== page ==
I am a woman, and I am proud of it. I have boobs, I have a butt, I have blonde hair, and no one can agree on what color my eyes are. Are they blue? are they green? I still don’t know and they are attached to my face. If I put up a beautiful pictures captioned with my words, people see it. But most importantly, they see the caption. Hell, I even saw one instagram user had created a meme out of one of my pictures and lyric phrases! It’s honestly cool to see people react to my posts that way. I try to make sure that my pictures don’t just reflect how my body looks, but also my personality. I am energetic, hard-working, smart, ditzy, clumsy, silly, and sexy. All of these different attributes are online for the world to see, because they are a composite of my life and my experiences. They are me. Everyone should be proud to be who they are without fear of discrimination. Period. (My little rant on sexism)

Hurdles and pitfall…
F**k the haters! I react well to negativity. It pushes me to be better and be a bigger person than anyone who has anything to say about me. I have heard everything you could think of – she can’t sing, she’s not talented, she’s ugly, and so on. The best advice I have ever gotten was this: when people criticize you or say something hurtful to you, they are really reflecting on something they dislike about themselves. When you feel like criticizing someone, think about what it is you really don’t like about them before you say anything. These are words I live by, and it helps me not take anything too personally. (disclaimer: advice came from my mother, because moms are always right.)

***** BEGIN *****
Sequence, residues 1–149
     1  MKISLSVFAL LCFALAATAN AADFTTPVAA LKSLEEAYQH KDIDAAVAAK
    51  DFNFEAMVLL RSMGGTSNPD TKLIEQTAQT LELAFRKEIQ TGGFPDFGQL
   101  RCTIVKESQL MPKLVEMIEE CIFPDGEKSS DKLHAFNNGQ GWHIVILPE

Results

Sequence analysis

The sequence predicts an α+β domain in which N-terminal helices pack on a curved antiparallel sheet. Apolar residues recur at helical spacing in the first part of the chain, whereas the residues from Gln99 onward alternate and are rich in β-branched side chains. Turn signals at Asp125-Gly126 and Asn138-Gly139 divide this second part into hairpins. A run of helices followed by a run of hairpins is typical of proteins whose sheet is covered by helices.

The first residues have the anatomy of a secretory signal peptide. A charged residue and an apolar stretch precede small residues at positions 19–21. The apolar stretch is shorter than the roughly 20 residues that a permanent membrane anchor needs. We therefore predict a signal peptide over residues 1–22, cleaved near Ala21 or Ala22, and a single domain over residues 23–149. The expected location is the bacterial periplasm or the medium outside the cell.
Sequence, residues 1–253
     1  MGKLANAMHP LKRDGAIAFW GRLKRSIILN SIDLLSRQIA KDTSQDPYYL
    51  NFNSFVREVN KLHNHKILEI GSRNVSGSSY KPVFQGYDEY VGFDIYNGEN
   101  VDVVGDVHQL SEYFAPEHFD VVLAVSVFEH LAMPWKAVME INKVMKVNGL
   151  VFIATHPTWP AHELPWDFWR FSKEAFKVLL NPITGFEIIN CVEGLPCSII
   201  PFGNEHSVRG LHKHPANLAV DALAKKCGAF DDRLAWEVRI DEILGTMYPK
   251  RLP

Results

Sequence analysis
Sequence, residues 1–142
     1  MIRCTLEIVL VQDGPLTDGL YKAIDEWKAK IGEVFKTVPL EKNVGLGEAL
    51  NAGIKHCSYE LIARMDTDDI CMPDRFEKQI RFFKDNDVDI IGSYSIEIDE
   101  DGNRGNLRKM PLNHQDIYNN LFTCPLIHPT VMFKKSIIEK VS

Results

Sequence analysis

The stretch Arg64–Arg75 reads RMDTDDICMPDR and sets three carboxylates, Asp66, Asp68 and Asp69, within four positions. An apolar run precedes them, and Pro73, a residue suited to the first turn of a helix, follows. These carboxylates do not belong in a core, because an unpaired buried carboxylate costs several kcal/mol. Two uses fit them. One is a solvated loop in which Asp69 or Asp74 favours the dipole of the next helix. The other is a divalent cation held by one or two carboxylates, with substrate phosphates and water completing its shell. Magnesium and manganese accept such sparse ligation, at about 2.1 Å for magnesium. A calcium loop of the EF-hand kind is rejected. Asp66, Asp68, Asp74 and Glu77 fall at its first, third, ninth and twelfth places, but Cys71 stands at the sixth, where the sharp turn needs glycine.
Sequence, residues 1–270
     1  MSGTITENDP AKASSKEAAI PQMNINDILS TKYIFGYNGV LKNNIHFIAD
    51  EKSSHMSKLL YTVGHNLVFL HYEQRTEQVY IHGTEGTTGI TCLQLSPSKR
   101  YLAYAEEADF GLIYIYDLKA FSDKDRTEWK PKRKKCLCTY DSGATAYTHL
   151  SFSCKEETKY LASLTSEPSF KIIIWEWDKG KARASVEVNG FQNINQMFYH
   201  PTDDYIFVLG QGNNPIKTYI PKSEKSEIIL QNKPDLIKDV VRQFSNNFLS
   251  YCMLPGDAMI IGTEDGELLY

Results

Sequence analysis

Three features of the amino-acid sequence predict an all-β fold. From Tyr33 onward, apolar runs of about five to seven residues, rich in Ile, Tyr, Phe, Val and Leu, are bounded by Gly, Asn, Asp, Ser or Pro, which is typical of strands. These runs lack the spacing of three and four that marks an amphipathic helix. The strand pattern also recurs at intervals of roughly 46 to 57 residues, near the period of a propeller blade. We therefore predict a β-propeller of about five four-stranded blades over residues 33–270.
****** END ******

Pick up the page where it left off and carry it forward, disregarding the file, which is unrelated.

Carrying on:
Social media…
I love social media in general. I’m addicted to facebook and instagram for sure. Social media is FUN! It’s a sneak peak into each others lives. I love seeing all of the beautiful things happening for my friends.

If everyone could stop getting engaged that would be great. For real though, many of my Nashville friends are getting engaged, and I’m really excited for all of them. My roommate from sophomore year just got married, but I am still trying to figure out when we became adults! When did all of this happen?? Oh and also, Twitter. I suck at twitter.

Singles vs an album…
I have not yet released an album, only singles. I feel like singles are a lot easier to release and push to fans. I love listening to full albums of artists, but I am also a huge music nerd. Not everyone likes that, so I am nervous about the idea of an album! I’m starting small  though – an EP will be a good start for me. Talk about the differences in your marketing strategy to support your preference. I’m still building a marketing strategy for my EP, but my marketing for my singles has been pretty successful as an independent artist. I am all about the social media push.

My biggest following is on instagram, so to get people involved and paying attention I do little contests and giveaways for my singles. For example, I did a “caption this” contest on instagram, the winner got a free download of my single. For an independent artist, interaction on social media is the most important part of getting people to actually listen to your music.



I have always loved singing and music…